I was fifteen and playing Transformer in the art room at
school. My friend Marc Gregory came over, with a request. His band
covered 'Perfect Day', but he'd never heard the Lou Reed original. I put
it on for him. He listened for about a minute, then he turned around,
puzzled, looking uncomfortable. "He's singing flat." "He can't be singing flat," I told him. "It's his song." Marc went off disgruntled, and I still believe I was right...
Gaiman: Good writing ought to be hard.
Reed: You have to really want it. If you don't, it's sloppy. It's actually offensive -- you'd be better off driving a truck.
He was an egomaniac and a jerk, but he was also a genius who changed the sound of everything you hear, forever, either directly, or indirectly, via those he influenced. He was effing Lou Reed, so I think he's allowed. There would be no punk without Lou. Everyone knows that. But certainly, though, the Velvet Underground had a bigger influence on my generation, via the Verve reissues (and R.E.M. covering them) in the mid-80s, than on its own. There'd be no "alternative"--in fact, most music would be very different without his pioneering of noise. There'd be no Sonic Youth, just as one example of hundreds.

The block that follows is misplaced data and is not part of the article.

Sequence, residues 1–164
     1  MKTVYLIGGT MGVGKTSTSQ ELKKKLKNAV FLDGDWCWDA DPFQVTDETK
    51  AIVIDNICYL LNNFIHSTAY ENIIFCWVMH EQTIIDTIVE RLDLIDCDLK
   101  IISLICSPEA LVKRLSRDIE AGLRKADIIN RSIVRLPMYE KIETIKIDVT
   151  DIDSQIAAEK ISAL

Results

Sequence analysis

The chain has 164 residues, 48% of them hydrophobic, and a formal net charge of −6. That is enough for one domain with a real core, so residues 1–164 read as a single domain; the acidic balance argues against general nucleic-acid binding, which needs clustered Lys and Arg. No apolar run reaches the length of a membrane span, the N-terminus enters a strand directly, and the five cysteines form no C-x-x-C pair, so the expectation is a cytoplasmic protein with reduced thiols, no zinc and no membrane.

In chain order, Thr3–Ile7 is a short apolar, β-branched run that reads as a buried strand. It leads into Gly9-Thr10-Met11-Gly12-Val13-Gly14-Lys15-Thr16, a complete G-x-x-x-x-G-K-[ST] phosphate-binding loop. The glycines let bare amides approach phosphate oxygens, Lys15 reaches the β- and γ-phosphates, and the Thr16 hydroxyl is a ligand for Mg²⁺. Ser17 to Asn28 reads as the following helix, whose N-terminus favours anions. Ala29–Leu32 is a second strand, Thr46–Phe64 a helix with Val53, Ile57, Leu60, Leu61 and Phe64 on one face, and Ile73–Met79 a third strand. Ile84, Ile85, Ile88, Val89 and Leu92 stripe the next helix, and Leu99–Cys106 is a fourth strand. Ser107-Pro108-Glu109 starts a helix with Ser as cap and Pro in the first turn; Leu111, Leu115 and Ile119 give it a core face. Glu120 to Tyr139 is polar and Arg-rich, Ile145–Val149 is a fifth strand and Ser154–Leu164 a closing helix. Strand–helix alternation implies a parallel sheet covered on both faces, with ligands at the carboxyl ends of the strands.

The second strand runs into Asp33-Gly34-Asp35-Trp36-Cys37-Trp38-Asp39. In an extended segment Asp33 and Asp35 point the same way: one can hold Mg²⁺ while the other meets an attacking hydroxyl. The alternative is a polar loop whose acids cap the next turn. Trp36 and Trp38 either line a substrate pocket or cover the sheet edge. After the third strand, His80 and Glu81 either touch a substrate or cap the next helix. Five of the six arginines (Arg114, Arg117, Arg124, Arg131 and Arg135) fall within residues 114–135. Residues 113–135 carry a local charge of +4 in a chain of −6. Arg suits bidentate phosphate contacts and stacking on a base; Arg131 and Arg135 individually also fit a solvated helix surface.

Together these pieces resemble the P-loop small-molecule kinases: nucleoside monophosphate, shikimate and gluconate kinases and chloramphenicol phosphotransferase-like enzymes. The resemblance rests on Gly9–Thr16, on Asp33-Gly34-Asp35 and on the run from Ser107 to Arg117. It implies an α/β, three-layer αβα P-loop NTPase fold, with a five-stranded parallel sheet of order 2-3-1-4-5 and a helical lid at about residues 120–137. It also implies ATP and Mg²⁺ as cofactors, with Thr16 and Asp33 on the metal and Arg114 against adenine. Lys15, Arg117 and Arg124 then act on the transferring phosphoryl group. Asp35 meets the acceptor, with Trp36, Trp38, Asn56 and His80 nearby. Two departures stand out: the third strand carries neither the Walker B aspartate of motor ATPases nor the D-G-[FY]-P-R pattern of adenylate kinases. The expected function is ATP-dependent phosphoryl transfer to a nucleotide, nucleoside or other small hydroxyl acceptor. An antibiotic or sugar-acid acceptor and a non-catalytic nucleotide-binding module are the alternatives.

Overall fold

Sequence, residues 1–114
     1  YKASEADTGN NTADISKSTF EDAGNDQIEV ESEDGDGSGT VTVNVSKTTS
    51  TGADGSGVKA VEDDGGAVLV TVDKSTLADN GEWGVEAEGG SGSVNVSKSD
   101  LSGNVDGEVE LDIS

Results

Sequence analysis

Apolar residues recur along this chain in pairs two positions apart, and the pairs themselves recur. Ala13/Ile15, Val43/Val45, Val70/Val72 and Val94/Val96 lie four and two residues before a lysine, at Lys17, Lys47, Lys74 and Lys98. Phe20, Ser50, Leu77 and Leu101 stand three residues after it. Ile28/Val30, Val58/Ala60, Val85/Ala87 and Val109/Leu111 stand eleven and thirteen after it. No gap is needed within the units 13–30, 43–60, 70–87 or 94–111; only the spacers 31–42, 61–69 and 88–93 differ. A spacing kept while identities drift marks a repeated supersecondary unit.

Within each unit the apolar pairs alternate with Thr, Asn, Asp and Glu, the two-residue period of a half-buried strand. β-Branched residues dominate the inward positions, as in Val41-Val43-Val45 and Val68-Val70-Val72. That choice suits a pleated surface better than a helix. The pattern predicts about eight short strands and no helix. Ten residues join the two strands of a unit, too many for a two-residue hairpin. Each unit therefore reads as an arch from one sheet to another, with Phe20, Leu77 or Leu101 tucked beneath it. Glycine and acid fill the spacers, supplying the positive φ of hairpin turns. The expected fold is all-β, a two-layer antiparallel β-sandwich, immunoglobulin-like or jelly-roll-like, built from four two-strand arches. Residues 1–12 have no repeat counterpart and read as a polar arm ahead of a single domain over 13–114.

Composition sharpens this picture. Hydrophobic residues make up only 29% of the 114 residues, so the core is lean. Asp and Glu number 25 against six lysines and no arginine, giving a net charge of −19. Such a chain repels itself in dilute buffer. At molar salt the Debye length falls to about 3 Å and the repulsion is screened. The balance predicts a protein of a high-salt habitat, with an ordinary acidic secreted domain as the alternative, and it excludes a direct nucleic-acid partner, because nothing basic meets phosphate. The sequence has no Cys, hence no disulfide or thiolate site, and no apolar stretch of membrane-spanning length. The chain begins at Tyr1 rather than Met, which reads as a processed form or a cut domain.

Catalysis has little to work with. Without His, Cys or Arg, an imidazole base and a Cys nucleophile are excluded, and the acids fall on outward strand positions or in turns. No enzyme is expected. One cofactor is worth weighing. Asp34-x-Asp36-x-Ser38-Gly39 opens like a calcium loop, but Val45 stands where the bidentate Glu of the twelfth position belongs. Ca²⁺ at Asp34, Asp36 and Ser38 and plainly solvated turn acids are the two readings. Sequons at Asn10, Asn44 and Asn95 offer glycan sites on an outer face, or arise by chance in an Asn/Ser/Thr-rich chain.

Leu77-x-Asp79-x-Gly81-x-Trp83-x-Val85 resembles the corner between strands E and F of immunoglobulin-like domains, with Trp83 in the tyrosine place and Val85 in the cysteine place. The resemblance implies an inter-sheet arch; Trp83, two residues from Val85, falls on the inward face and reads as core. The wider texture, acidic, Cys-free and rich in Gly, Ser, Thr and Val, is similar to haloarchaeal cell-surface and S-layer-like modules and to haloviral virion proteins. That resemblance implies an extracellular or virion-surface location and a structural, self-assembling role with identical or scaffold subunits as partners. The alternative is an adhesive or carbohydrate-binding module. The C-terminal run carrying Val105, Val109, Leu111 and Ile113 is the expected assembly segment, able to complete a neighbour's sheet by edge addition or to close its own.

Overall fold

But Lou's palette was one of the widest of any songwriter, far wider than Dylan--who, I'd say, in the end, Lou was more important than, or the Beatles. He could just as easily write a soft, pretty song that would grab your emotions and wring them till there were tears. Lou Reed was, even more than that, one of the greatest poets, and definitely New York's greatest poet, of the latter 20th century. His ability to tear your heart right out with the pictures he made in words is not spoken of often enough. Possibly, that's why cartoonists like him so much. A Lou-sized hole in music is a rather big thing. Lou, as you know, did a version of LULU too that came out midway in my work on my own. Here's a live performance I posted a while back; it was better than it's reputed to be. And here is the album that changed my life: WHITE LIGHT/WHITE HEAT. Rest in peace, Lou.
"Eternity with Beelzebub, and all his hellish instruments of death, will be a picnic compared to five minutes with me and this pencil." - E. Blackadder, 1791 Questionable
words & pictures from John Linton Roberson SUPPORT US AT PATREON!